As I mentioned once or twice, a debate I follow whose duration seems destined to be measured in geologic time is the one over Homo floresiensis - the "hobbits" of Flores Island, Indonesia.
Round 257 or so (I lose count) is based on a new paper in the Proceedings of the Royal Society.
"Are the small human-like fossils found on Flores human endemic cretins?"
Peter J. Obendorf, Charles E. Oxnard and Ben J. Kefford.
The point: "We hypothesize that these individuals are myxoedematous endemic (ME) cretins, part of an inland population of (mostly unaffected) Homo sapiens."
In English: the fossils of the main specimen, LB1, indicate "congenital hypothyroidism."
The entire paper is online at the link above.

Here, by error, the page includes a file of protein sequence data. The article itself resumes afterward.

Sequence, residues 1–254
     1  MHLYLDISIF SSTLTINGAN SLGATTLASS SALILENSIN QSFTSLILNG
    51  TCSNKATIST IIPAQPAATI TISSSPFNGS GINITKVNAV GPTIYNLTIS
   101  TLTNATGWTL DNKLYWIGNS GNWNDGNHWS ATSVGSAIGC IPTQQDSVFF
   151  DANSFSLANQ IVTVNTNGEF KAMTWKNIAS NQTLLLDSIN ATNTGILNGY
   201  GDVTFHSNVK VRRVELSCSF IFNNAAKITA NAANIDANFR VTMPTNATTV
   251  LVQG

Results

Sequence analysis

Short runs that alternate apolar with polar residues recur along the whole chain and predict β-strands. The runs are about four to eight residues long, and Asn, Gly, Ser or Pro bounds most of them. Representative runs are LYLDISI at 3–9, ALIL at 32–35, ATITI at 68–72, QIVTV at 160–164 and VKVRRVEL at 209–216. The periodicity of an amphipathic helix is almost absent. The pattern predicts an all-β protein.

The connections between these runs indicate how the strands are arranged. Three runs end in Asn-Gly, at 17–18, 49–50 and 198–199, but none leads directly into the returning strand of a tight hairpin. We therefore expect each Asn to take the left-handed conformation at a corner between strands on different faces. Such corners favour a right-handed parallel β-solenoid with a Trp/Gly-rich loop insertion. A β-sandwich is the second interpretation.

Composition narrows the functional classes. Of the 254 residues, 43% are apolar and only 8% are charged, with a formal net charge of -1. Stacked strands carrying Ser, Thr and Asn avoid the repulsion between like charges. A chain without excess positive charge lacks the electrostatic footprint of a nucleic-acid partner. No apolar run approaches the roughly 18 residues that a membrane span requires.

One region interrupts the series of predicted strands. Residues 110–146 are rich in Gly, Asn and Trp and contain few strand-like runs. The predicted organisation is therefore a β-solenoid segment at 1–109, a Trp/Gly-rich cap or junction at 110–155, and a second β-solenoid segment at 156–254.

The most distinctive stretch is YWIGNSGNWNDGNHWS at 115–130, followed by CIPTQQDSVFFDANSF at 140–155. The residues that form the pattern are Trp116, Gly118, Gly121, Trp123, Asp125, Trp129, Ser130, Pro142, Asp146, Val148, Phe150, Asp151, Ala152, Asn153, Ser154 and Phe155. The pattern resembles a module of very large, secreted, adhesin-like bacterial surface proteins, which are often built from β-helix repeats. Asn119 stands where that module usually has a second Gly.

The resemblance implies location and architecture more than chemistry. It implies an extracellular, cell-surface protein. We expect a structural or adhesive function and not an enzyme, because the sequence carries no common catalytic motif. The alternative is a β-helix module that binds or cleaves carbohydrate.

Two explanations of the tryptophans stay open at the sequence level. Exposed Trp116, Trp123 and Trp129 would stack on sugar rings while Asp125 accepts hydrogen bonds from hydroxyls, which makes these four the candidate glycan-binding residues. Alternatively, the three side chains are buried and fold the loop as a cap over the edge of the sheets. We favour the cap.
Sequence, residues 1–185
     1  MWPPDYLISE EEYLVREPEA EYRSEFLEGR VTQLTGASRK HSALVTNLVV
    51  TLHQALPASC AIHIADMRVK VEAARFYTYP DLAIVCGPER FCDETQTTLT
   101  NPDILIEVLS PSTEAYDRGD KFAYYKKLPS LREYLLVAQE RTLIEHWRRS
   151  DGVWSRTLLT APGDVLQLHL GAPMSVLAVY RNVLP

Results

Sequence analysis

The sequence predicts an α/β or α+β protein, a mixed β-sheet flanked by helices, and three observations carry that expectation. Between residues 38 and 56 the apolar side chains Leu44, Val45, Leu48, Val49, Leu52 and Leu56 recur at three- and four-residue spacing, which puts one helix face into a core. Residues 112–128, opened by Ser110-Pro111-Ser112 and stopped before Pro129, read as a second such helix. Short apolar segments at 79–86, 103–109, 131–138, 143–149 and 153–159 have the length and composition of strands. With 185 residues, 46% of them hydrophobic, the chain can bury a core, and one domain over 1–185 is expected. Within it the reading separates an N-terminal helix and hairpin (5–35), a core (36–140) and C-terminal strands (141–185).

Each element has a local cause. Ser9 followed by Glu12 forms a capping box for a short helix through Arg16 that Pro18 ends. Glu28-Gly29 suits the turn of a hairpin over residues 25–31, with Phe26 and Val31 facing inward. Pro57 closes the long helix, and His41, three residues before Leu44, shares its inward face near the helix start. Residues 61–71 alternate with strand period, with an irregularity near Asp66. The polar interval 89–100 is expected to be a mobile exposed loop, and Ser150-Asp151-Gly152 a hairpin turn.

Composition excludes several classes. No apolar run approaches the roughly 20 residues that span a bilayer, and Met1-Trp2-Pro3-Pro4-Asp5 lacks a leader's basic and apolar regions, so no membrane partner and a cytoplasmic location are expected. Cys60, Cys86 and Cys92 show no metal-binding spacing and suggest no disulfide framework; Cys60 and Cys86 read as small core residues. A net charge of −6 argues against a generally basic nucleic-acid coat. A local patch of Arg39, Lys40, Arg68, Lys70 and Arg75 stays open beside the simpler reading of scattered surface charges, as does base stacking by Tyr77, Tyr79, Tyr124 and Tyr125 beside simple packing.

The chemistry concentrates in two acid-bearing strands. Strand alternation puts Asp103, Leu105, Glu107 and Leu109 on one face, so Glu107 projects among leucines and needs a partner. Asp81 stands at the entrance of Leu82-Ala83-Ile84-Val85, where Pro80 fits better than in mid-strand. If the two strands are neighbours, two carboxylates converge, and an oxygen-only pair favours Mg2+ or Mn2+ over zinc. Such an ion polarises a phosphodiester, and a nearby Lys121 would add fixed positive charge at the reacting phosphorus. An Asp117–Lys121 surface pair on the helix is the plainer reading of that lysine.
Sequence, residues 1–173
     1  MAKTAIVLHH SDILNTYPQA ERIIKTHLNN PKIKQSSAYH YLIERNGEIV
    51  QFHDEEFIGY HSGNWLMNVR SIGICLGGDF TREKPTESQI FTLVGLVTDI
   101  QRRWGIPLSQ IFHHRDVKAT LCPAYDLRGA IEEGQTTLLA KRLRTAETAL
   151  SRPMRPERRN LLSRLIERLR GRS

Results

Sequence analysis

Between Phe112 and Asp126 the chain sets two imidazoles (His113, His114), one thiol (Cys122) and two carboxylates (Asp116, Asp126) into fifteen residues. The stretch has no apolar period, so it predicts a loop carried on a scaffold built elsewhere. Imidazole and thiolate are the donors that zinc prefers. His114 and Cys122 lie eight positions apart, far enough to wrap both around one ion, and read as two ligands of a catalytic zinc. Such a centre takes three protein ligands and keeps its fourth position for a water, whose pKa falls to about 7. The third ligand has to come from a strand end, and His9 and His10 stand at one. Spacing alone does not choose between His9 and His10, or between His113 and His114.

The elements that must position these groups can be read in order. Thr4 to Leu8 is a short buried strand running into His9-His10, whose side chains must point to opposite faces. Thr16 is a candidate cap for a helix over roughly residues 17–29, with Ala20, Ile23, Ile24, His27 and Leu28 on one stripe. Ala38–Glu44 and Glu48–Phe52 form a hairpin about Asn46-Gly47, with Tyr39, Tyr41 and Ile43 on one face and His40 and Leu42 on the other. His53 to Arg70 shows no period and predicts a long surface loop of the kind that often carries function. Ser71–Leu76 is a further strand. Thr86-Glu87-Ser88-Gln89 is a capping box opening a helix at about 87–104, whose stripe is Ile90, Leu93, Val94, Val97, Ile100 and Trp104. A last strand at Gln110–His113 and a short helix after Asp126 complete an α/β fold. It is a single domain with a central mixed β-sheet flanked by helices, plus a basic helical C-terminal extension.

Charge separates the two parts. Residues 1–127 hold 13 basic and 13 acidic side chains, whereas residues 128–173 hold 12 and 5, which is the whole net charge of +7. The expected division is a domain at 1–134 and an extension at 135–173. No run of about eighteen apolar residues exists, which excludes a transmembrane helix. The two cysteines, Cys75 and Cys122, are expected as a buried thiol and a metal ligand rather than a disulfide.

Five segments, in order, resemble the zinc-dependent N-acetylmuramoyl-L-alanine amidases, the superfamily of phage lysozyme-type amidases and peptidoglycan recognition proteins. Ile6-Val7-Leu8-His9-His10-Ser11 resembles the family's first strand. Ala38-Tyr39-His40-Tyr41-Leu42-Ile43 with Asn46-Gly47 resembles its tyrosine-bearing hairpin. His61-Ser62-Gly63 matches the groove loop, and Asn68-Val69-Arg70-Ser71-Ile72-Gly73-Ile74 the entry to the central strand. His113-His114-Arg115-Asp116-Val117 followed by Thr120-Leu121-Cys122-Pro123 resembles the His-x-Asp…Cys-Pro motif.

My take: I'm not about to wade into the details of a debate whose fine points are pretty much understood only by Ph.D.s. I will note only the problem I've had with all the non-species explanations, that they are based entirely, or almost entirely, on LB1. This is inescapable, since LB1's is the only cranium and the only near-complete skeleton we have, but it also means everyone is generalizing from one specimen. The new-species researchers are more likely to cite features of the other, less complete, specimens that appear in multiple individuals. That does not mean the new-species people are right (although the scientific romantic in me can't help but hope they are), only that I don't think anything is definitive yet. This is not going to be settled until we have more fossils, especially craniums (crania?).
I also note that, as a general rule, the idea that such cretins grew to maturity, which these fossils show they did, seems unlikely in a primitive hunter-gatherer culture. Such cultures tend not to expend the effort to keep marginally functional members alive and well-fed. It's not a hard rule, but it's something else to think about.